Arizona’s victory over USC is the ‘step up’ game for the Wildcatsby Anthony Gimino on Jan. 29, 2011, under Arizona basketball
Before Saturday’s Arizona-USC game, I struck up a conversation in order to pick the brain of former Wildcat guard Matt Muehlebach, the radio analyst for 1290-AM.
I jokingly asked Muehlebach to tell me what was going to happen so I could start writing my story, and he replied that he suspected Derrick Williams was going to be somewhat limited because of an injury to his right pinky.
In terms of the story, he suggested getting started by leaving a blank space for a name followed by the words “stepped up with Derrick Williams limited …”
Muehlebach knew what he was talking about. What he said before the game works just fine for the analysis after Arizona’s 82-73 victory over USC at McKale Center.
MoMo Jones stepped up — 17 points, 6 of 6 from the field.
Kyle Fogg stepped up — eight points (all in the first half) and six assists.
Jesse Perry stepped up — eight points, seven rebounds, 2 of 2 on 3-pointers (matching his season output from behind the arc).
Kevin Parrom stepped up — 10 points.
Jordin Mayes stepped up — eight points, two 3-pointers.
Alex Jacobson stepped up — two points and three rebounds in 15 minutes for a guy who, until Thursday, hadn’t played since Dec. 5. “I feel like I just ran a marathon,” he said. “I’m exhausted.”
Williams was indeed limited, but not so much by his right hand, which was heavily wrapped to protect the injury. He was limited by foul trouble — two with 10:52 to go in the first half, four with 12:44 to go in the game.
The sophomore star still got his points — 20 of them, 17 in the second half — but it’s easy to say this was Arizona’s best “team” victory of the season.
“We thought he was going to be a little bit slower; his hand was messed up,” said junior guard Kyle Fogg.
“Just mentality-wise, a lot of guys knew we had to step up. From the looks of it, Derrick was still Derrick. What was still good about it, not only did it not slow him down but everyone else still had the attack mentality and everyone else stepped up with him playing well. It was good to see that out there.”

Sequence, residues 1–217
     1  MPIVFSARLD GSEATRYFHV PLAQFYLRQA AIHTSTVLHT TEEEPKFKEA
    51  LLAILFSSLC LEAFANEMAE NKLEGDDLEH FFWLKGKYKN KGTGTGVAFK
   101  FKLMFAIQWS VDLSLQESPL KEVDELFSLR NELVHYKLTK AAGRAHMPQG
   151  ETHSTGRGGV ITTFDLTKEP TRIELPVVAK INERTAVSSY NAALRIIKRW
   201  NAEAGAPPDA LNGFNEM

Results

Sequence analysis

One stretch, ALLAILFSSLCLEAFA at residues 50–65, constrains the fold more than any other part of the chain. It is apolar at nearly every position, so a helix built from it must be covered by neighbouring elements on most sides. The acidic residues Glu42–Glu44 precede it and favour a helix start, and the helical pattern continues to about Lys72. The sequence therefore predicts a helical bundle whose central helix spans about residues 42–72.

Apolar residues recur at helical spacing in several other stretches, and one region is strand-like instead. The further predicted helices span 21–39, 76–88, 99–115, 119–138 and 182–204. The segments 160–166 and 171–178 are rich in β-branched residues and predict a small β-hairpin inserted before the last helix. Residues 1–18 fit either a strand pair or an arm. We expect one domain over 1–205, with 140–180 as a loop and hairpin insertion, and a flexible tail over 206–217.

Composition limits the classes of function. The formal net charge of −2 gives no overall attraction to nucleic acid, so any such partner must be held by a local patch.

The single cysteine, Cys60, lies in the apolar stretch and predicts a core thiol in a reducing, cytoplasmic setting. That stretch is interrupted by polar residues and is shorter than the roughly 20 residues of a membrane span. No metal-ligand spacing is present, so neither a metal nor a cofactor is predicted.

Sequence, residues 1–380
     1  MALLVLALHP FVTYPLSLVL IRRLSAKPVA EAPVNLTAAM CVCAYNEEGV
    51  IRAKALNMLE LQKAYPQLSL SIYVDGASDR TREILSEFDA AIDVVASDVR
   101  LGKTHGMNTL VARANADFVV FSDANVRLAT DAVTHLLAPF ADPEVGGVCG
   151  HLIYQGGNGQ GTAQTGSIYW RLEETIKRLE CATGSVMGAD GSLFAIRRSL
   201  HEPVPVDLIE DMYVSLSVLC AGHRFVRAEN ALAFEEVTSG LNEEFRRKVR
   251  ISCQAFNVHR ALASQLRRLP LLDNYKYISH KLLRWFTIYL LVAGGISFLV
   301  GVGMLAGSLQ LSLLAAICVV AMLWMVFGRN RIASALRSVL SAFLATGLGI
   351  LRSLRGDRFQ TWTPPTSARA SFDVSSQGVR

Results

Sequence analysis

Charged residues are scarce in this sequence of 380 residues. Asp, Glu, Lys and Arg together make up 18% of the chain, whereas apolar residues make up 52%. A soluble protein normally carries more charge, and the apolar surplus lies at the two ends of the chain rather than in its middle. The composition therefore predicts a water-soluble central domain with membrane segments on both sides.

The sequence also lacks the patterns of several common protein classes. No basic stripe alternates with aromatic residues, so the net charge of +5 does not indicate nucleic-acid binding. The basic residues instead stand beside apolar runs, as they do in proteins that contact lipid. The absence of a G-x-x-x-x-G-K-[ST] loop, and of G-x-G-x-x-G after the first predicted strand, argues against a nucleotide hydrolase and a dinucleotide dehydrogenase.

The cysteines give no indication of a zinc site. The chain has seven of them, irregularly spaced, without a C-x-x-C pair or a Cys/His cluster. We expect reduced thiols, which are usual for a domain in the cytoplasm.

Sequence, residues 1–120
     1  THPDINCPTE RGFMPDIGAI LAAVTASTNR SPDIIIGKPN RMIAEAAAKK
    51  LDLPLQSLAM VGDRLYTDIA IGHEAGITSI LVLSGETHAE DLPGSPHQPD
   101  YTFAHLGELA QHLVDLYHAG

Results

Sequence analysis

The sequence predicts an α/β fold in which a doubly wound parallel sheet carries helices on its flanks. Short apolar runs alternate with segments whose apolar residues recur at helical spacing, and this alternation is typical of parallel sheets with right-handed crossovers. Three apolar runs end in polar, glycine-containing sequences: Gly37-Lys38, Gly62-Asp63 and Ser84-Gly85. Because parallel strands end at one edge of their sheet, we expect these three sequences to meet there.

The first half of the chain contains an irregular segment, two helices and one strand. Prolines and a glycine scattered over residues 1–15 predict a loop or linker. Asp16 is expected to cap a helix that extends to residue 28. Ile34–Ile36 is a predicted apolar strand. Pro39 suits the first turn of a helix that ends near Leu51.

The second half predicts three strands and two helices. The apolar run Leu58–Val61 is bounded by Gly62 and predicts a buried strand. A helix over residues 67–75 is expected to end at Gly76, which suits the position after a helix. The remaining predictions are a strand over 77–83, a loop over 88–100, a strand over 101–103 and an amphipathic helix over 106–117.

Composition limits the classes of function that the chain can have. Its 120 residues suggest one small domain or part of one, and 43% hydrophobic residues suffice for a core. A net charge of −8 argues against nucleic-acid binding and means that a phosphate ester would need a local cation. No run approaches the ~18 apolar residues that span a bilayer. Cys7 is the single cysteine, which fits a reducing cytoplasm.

So, Arizona arrives at the halfway point of the Pac-10 season at 7-2 in the league, in second place behind 7-1 Washington, which plays at Washington State on Sunday night. Watch: When the AP poll is released on Monday, Arizona will be ranked in that poll for the first time since Dec. 31, 2007.
“We are light years ahead of how we performed a year ago in every way,” coach Sean Miller said.
“We were 6-3 after the first half of the conference schedule, but we were definitely not good enough in February. This year, we have the depth that helps us both in practice and in games. If someone isn’t having a good night, then we have a person on the bench that can step in.”
And step up.
Arizona’s 7-2 league record is its best since the Wildcats also went 7-2 in the 2004-05 season. That season — the one that ended so painfully in overtime against Illinois in the NCAA Tournament regional final — was the last time the Wildcats were really the Wildcats.
This team isn’t exactly vintage Arizona. But it’s not bad. It has an All-American and a rotation that Miller suggested might now go to 11 to include Jacobson.
Most importantly, the Wildcats’ weaknesses are getting, well, less weak.
And we’re talking about the point guard play.
Jones has put together three consecutive strong games, all victories for the Cats. He has 42 points, 10 assists and only four turnovers in those games. Backup Jordin Mayes has 19 points and only two turnovers in that stretch.
That’s what Arizona needs. Steady point guard play, light on the turnovers.
“One of the things we were able to do while Derrick was out because of his foul trouble was really experience good play because our point guards really ran our team and did a terrific job,” Miller said.
“I think we enter a different category as a team when they play very well and play confidently.”
Miller said Williams’ injury is something that is expected to continue to get better as the swelling goes down; it won’t be a lingering problem for the rest of the season.
He played just 18 minutes vs. USC … and the Wildcats still led by 20 late in the game.
“We’re getting better,” Miller said, “and that’s one thing you want to see.”
And it makes you want to see the second half of the Pac-10 season even more.